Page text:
However, there are important restrictions imposed by statute on the liabilities that may be indemnified by a company. The Corporations Act restricts the liabilities that may be indemnified by a company so that a company cannot indemnify a Director for:
- conduct involving a wilful breach of duty in relation to the company;
- a contravention of sections 182 or 183 of the Corporations Act which prohibit a Director from making improper use of information or improper use of their position; or
- liabilities incurred as a Director including: a liability owed to the company; a liability for a pecuniary penalty, or a compensation order, resulting from a breach of a civil penalty provision (including the insolvent trading provisions); or a liability that is owed to someone other than the company/related company and did not arise out of conduct in good faith.
As well as indemnities provided by an organisation to its Directors, many organisations pay for Directors and officers insurance (D&O Insurance). Generally, D&O Insurance consists of the following components:
- a direct cover component which provides indemnification to Directors where the company itself is unable or unwilling to do so;
- a company reimbursement component, which provides for the company to seek reimbursement for those amounts which it is required (or in some cases allowed), under its constitution, to indemnify the Directors; and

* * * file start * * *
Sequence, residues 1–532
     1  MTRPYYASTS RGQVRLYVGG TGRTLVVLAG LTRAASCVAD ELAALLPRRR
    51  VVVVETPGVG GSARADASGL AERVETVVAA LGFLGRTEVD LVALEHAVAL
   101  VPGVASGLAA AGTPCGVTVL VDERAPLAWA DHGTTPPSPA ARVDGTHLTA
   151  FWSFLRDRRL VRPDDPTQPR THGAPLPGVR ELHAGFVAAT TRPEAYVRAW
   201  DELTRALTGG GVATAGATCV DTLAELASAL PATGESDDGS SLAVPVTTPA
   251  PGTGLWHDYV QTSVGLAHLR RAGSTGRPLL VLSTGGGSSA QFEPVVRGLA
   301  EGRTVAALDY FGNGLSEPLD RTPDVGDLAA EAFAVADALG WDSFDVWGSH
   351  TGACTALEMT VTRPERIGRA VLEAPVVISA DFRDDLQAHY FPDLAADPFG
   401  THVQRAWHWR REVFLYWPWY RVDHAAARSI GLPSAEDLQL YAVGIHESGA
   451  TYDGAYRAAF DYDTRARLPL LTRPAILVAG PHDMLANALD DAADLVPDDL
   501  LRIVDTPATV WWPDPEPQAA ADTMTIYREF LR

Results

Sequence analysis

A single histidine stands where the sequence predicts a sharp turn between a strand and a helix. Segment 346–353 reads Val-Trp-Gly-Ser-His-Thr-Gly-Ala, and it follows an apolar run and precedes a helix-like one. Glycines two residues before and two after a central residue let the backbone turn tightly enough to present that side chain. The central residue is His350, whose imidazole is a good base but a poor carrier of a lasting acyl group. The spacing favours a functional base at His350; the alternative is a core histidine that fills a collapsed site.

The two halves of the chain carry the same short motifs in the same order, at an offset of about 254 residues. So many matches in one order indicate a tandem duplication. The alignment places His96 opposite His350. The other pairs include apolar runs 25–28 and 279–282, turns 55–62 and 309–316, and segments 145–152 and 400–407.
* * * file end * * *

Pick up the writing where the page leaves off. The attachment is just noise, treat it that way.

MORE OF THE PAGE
- optional extra protections, for example, providing cover for spouses of Directors.
A company can pay the premiums for an insurance policy that covers certain breaches of duty only. The company cannot pay premiums on policies that seek to protect the Director from a wilful breach of duty, or a breach of sections 182 or 183 of the Corporations Act – the Director would have to take out a policy to protect himself or herself from those breaches.
D&O Insurance generally excludes claims brought by one insured party against another insured party. Therefore, actions brought by the company (which are a significant source of liability for a Director) are excluded. It is also worth noting that any D&O Insurance policy must not be inconsistent with the indemnities provided in the organisation’s constitution, so that one document does not negate the protections provided by the other.
• Australian Securities and Investments Commission (compliance) http://www.asic.gov.au/
• NSW Fair Trading (committee obligations) http://www.fairtrading.nsw.gov.au
• Australian Taxation Office www.ato.gov.au
• Australian Charities and Not-For-Profits Commission
• Office of Liquor, Gaming and Racing (fundraising)
• Office of the Privacy Commissioner
• Anti-Discrimination Board
• NSW Industrial Relations (employment)
• Fair Work Ombudsman (employment)
• Workcover Authority of NSW (safety)
About the author: Clementine Baker is a Lawyer in Mills Oakley’s Sydney Not for Profit team. Baker has experience acting for numerous charities and Not for Profit providing advice on a range of matters including governance and fundraising issues, ACNC registration and ATO endorsement and constitutions.